A woman whose family is similarly prominent in society’s eyes strolls into the plaza, her arm hooked around the giant plush stuffed toy her currently missing boyfriend won for her at one of the game stations. Elle Medit’s eyes are hungry for him. Somehow he managed to slip away from her while she was talking about her dress with an elderly woman who drinks with her mother on Thursday afternoons. It is a vibrant emerald number with no back accept to cover her unmentionables and barely any front to make up. Here, there is no such thing as too much skin. A young man with a stutter splutters something about liking the way her chocolate colored hair looks with the emerald crusted comb pining it up into the French twist. She waves her hand impatiently in his general direction as she pushes her way farther into the plaza.
The pale amber irises roam from one corner of the plaza to the other finally resting on a boy younger than her with shockingly red hair, a dusting of freckles scattered across his nose, and who brandishes knives the size of her forearm. It is the glint of steel and the promise of danger in the hands of a boy, who faintly resembles a character from one of the novels she was forced to read by one tutor or another, which attracts her.
The skin tight violet shirt and black tights seem out of place on his lean frame. She pictures his chest pink from the sun, peeking through a duster hanging haphazardly. When he smiles at her there is a darkness hidden somewhere within but she only notices the gap and imagines how it might whistle whenever he recites, “Sally sells sea shells by the sea shore.” He opens his mouth and looks straight up, head back, blade descending.
The idea of red viscera flashes in her mind but she dispels it with the impression of his lips on hers, swollen and pink instead of pale, pressed to the hilt of the blade. The teeth flashing white next to silver, grazing her collar bone and not the tang. Then out it comes, pristine, not a hint of red anywhere along the blade. She stands there breathless and flushed.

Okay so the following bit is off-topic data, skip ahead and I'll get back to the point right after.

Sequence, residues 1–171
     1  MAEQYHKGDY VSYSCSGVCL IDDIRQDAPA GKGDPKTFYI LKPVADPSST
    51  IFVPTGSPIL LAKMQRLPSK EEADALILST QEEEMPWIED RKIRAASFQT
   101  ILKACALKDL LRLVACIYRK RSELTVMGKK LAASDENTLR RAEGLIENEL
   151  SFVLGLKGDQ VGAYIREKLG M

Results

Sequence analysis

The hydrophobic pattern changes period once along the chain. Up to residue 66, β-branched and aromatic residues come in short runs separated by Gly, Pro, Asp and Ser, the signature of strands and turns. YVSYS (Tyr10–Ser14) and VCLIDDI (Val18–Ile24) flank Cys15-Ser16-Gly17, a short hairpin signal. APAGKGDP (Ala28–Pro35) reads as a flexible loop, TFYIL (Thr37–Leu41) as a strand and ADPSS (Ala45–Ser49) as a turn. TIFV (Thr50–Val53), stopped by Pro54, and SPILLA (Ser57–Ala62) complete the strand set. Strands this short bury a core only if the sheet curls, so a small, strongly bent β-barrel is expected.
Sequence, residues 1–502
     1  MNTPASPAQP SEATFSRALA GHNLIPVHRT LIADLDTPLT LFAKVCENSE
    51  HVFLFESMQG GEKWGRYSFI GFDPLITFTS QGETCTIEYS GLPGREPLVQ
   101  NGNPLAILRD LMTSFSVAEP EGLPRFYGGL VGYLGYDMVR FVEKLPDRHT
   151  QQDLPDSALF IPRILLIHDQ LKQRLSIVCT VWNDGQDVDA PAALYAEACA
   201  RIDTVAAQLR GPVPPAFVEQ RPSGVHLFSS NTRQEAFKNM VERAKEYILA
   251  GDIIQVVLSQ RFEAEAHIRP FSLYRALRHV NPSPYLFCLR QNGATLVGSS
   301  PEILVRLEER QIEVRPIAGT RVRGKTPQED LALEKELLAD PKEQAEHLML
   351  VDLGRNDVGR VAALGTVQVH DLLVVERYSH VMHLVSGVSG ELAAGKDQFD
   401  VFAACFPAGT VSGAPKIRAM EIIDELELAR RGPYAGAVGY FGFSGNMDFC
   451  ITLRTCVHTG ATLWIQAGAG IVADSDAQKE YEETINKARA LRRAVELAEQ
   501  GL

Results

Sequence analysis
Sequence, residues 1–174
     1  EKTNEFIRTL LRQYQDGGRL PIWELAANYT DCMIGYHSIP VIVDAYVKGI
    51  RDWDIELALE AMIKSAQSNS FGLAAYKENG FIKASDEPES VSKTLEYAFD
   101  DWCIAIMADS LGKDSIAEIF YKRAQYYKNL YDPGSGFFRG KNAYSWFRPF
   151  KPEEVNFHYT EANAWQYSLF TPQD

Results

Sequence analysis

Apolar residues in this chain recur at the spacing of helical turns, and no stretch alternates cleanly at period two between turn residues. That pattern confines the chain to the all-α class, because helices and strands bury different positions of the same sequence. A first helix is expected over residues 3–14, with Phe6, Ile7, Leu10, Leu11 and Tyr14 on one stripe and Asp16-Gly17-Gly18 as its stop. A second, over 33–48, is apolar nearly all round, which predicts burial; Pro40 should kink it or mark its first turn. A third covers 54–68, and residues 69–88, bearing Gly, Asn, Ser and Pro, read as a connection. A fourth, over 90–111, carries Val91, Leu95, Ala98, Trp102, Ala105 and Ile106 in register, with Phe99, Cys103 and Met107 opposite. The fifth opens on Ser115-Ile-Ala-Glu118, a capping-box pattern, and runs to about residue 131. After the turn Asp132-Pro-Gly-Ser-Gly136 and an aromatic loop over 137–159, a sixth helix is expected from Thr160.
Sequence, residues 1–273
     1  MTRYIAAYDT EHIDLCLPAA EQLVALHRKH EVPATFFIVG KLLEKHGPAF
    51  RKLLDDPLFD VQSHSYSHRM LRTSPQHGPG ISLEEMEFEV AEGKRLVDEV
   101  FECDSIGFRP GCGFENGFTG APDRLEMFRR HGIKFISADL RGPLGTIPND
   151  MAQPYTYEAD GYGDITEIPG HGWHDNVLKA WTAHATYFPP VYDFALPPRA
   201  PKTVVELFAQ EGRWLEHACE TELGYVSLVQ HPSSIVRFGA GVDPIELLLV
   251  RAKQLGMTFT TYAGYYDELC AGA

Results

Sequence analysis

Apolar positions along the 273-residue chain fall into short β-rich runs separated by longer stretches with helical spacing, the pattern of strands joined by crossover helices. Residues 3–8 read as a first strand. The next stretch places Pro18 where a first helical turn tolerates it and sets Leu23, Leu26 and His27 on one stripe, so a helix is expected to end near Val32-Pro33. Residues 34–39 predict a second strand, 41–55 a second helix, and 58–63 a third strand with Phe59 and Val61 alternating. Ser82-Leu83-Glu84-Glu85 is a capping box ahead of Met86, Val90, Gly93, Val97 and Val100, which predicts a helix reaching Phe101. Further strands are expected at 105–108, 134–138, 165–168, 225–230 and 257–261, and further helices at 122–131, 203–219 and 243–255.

Children shriek in delight chasing each other in circles constantly forgetting to protect their own ball while in pursuit of another’s. The aim of the game is to be the last one with a black ball; simple enough. There are at least a dozen left and a score more cheer on their comrades; loyalties move fluidly as the power struggle continues.
While Elle’s boyfriend is still missing in action, his best friend is leaning against his father’s store front. Exactly where he is supposed to be, Declan Trince has remained there all evening, arms crossed over his chest, brow furrowed. Before him children are hooting wildly playing a game that eludes his understanding. He would have taken his ball to the outside of the skirmish and waited until everyone else was done fighting. Games are pointless time wasters anyway. His leg muscles tight from lack of movement call him to pull away from the wall to stretch them. As he bends forward he catches a glimpse of the mess within the plaza. People everywhere surrounded by performers and vendors. “Superfluous, frivolous, rudimentary,” he mutters to himself.
If it weren’t for the celebration he would be out for his usual run around the island. Instead his father placed him on guard duty. “Watch the store, make sure none of the drunk partygoers break the windows. You know what would happen. All hell would break lose and people would rush the store front to steal all our merchandise. Don’t ever trust them Decks. You can’t trust anyone but family and even then the only person you can be certain to come through for you, is yourself.”
As he turns to lean against his wall again he catches what look like sparks out of the corner of his eye. A fire? So close to the store front, best make sure it doesn’t get out of hand. As he pushes his way through the crowd he sees that the source of the flame is not trash blazing or a handful of unruly sparklers but a short staff held in the hand of a tall thin woman. Her hair a midnight blue, her skin a rich caramel color, glistening with a fine sheen of sweat. The flame she holds in one hand must be warmer than it looks. Perhaps she is nervous. She takes a swig from a clear bottle, tilts her head back, and brings the flame to her lips.
Higher, higher, and higher still shoots the flame. It crackles against the dark sky above him. Even when she stops blowing a few rogue sparks remain, glinting in memory. His eyes are drawn back to her. She catches his eye and smirks. He frowns in her general direction but remains rooted to the spot.
The hands on the clock affixed to the store front slowly move on. Time passes. A click, a chime, fifteen minutes until midnight. Time to head toward the plaza. It is almost here.